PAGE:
2. University of Alberta led research may have discovered how memories are encoded in our brains
3. BGI, University of Helsinki and Wuhan University sign a MOU concerning cooperation on genomics
4. Marshall University study may lead to new treatments for prostate cancer
5. University leads £6 million EU project to tackle obesity
6. A University of Tennessee professors hypothesis may be game changer for evolutionary theory
7. Life expectancy may affect when you get married, divorced, have kids: Queens University study
8. University of Toronto biologists predict extinction for organisms with poor quality genes
9. University of Minnesota invention helps advance reliability of alternative energy
10. Israel names Tel Aviv Universitys Renewable Energy Center a Center of Research Excellence
11. University of Minnesota startup offers game-changing energy solutions that reduce CO2 emissions
Post Your Comments:
*Name:
*Comment:
*Email:
(Date:6/20/2016)... , June 20, 2016 Securus Technologies, ... technology solutions for public safety, investigation, corrections and ... prisons involved, it has secured the final acceptance ... facilities for Managed Access Systems (MAS) installed. Furthermore, ... facilities to be installed by October, 2016. MAS ...
(Date:6/9/2016)... -- Perkotek an innovation leader in attendance control systems is proud to announce the introduction ... to make sure the right employees are actually signing in, and to even control ... ... ... ...
(Date:6/3/2016)... LONDON , June 3, 2016 /PRNewswire/ ... Transport Management) von Nepal ... ,Angebot und Lieferung hochsicherer geprägter Kennzeichen, einschließlich ... weltweit führend in der Produktion und Implementierung ... an der Ausschreibung im Januar teilgenommen, aber ...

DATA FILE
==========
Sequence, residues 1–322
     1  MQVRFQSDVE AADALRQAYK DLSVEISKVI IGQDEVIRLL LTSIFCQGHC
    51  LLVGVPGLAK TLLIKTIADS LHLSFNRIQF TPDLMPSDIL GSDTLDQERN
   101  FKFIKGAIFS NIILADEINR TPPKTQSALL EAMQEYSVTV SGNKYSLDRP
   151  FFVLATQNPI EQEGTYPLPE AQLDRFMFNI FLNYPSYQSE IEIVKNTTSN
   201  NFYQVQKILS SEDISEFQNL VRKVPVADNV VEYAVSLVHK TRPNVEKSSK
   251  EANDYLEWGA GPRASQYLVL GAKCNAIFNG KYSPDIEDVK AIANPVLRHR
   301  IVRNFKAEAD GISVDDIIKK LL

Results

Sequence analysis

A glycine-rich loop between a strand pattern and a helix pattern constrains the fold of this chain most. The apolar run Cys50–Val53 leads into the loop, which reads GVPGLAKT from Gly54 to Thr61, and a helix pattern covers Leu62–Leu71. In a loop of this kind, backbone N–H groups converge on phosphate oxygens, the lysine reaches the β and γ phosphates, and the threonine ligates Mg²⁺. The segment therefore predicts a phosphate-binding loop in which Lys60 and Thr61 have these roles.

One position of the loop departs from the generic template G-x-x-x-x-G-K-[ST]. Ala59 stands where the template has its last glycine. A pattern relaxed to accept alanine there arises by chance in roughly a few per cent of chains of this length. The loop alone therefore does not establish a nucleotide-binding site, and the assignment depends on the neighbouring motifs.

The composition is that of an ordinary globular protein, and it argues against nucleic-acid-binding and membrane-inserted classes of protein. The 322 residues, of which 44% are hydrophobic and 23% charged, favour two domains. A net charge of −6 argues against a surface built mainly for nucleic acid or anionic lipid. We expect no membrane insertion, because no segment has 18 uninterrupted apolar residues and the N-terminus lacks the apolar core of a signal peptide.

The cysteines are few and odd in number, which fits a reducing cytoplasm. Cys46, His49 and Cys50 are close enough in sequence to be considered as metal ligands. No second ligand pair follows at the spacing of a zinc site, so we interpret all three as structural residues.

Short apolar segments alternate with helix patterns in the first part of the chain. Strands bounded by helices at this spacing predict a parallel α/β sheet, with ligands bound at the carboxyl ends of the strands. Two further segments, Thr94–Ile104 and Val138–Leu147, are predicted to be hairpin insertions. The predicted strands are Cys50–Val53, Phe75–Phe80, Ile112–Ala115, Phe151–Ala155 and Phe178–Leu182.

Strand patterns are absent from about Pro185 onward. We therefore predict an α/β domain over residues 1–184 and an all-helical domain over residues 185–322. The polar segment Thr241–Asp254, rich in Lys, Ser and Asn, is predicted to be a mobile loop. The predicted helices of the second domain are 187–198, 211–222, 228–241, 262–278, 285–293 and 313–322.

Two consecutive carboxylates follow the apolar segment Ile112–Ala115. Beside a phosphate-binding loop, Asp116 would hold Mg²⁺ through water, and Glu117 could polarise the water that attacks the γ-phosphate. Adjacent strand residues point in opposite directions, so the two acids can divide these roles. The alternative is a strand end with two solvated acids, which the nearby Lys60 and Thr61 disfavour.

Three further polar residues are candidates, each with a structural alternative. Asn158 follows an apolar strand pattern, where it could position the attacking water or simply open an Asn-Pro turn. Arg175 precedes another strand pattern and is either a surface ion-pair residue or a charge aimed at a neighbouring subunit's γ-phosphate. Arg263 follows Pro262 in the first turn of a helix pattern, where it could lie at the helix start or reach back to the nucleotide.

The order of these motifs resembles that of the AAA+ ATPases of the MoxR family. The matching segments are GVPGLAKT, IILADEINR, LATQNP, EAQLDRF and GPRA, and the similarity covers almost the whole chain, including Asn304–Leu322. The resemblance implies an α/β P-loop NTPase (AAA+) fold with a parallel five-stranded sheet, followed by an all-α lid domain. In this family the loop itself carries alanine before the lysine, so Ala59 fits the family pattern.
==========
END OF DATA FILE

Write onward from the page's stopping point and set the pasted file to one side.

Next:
Breaking Biology News(10 mins):
(Date:6/23/2016)... , June 23, 2016   Boston Biomedical ... novel compounds designed to target cancer stemness pathways, ... been granted Orphan Drug Designation from the U.S. ... of gastric cancer, including gastroesophageal junction (GEJ) cancer. ... designed to inhibit cancer stemness pathways by targeting ...
(Date:6/23/2016)... 2016 A person commits a crime, and the ... track the criminal down. An outbreak of foodborne ... Administration (FDA) uses DNA evidence to track down the bacteria ... far-fetched? It,s not. The FDA has increasingly used a complex, ... foodborne illnesses. Put as simply as possible, whole genome sequencing ...
(Date:6/23/2016)... ... June 23, 2016 , ... Charm Sciences, Inc. ... test has received AOAC Research Institute approval 061601. , “This is another AOAC-RI ... stated Bob Salter, Vice President of Regulatory and Industrial Affairs. “The Peel Plate ...
(Date:6/23/2016)... -- The Biodesign Challenge (BDC), a university competition that asks ... systems and biotechnology, announced its winning teams at the ... York City . The teams, chosen ... MoMA,s Celeste Bartos Theater during the daylong summit. Keynote ... of architecture and design, and Suzanne Lee , ...
Breaking Biology Technology: